Almost everyone can find a similarity of circumstance in at least one of these essays or interviews. The stories provide first-hand experience of how these recognized leaders became successful leading their teams. As a result, readers gain a more personal understanding of how of these individuals think and what they consider to be important aspects of team success. These presentations bring home the message of how it’s necessary to assure the principles are implemented.
The book should cater to a wide audience outside of team leads, managers, and project managers. The presentations are varied and easy to relate to. The book can be kept as a reference to help provide some examples of situations the reader may have not yet experienced. Sharing the experiences of these recognized leaders in little essays makes it easy to go directly to a particular experience and not have to dig out information from an entire book. On the other hand, the book leaves the reader to deduce the essentials from the discussions and essays because there is no detailed skill example. Some people may find that a summarization of the essentials would be helpful. I think the authors had to make a choice on brevity and let the reader derive their own conclusions, which I found refreshing. Although large, the book isn't just another tome. I jumped around in the book so that I could read the stories from familiar contributors and I didn't lose any context.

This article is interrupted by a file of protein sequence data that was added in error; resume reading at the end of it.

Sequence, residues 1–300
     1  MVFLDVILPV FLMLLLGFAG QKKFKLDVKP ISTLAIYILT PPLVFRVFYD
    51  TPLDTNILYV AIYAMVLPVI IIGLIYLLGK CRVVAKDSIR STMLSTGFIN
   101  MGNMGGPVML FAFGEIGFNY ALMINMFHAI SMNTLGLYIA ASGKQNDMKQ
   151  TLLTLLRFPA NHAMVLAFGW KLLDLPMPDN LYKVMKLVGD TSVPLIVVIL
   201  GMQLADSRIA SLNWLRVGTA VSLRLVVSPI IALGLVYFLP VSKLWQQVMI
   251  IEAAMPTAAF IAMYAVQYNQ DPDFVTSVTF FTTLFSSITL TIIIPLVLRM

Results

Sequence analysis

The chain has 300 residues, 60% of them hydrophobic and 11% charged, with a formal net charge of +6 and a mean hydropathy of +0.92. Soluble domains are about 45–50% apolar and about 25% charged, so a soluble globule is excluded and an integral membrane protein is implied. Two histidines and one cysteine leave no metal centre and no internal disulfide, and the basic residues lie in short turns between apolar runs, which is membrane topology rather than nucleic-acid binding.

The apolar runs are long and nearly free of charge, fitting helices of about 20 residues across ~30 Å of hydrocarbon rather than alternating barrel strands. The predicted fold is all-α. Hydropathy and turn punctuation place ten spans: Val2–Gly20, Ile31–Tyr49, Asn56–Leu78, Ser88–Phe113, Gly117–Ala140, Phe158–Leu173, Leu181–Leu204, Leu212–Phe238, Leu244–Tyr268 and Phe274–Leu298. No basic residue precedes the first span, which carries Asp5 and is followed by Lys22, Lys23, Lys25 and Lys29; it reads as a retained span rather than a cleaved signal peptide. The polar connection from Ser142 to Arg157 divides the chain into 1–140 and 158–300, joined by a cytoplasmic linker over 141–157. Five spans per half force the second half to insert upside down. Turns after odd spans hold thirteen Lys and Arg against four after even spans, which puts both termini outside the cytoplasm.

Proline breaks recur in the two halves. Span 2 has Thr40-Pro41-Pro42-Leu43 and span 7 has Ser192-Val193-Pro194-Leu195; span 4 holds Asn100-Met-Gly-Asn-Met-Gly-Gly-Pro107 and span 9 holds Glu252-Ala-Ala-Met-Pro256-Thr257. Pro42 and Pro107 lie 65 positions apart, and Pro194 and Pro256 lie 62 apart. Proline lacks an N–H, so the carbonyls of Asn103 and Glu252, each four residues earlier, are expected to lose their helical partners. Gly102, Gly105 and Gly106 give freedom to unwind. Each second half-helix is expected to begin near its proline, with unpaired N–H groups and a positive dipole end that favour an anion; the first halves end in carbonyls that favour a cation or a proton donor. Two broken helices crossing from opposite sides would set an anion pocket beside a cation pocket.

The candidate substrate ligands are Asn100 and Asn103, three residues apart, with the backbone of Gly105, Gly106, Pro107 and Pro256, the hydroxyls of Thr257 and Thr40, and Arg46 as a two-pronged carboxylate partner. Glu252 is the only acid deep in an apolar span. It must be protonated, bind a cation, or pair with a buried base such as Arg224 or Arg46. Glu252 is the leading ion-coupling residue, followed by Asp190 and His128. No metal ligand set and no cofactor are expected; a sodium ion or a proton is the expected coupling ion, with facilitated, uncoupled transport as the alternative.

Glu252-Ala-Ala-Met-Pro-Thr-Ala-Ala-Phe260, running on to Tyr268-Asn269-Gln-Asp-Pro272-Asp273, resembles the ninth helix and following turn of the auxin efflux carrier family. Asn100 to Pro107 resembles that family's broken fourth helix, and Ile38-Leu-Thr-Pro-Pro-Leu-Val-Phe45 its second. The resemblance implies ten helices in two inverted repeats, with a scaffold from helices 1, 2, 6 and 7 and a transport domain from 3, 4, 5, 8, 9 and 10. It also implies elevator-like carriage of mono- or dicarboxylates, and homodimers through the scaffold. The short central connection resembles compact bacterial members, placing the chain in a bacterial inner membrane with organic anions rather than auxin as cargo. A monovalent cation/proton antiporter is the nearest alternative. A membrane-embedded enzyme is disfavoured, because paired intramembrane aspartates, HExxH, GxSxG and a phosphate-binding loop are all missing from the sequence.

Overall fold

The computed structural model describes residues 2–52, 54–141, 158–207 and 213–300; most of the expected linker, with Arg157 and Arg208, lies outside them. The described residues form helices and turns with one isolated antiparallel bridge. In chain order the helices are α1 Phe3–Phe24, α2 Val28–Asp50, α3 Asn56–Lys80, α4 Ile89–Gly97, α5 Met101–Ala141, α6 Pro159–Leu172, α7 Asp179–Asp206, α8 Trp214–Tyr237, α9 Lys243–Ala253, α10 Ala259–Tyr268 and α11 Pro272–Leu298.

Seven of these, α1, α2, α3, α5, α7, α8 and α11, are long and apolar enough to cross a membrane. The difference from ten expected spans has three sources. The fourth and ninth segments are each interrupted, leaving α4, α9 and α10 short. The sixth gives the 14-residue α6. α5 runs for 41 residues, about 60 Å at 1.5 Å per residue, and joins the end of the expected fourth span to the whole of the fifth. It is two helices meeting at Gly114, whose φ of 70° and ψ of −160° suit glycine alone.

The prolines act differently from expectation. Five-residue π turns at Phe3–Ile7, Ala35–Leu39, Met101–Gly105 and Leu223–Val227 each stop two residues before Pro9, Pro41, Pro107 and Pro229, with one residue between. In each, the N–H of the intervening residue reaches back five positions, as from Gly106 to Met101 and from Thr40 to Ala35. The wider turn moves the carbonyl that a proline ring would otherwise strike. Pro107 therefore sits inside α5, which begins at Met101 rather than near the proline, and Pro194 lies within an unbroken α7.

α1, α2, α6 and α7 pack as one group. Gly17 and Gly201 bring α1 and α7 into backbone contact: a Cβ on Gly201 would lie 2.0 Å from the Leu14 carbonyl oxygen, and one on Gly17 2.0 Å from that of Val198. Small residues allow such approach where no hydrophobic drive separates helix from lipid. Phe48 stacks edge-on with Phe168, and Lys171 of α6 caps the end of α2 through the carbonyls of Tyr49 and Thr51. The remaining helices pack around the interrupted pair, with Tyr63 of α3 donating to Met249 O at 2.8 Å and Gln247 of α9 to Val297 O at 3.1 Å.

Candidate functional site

The main point I gathered from the book is that successful teams need the basics: people with the right skill set and resources. Methodologies may help to communicate technical aspects of the project yet that's not entirely what makes a successful team. What makes the team successful are interpersonal relationships—the ability of people to work together, a clear sense of purpose of the objectives and each member's role, and management that helps the team maintain focus on the objectives and overcome obstacles.
I found the contributions interesting and helpful. Getting different perspectives on a question helps me to understand and make decisions. Overall, I think the book accomplishes in providing those perspectives for successful teams.
Review By: Mary Ann Overbaugh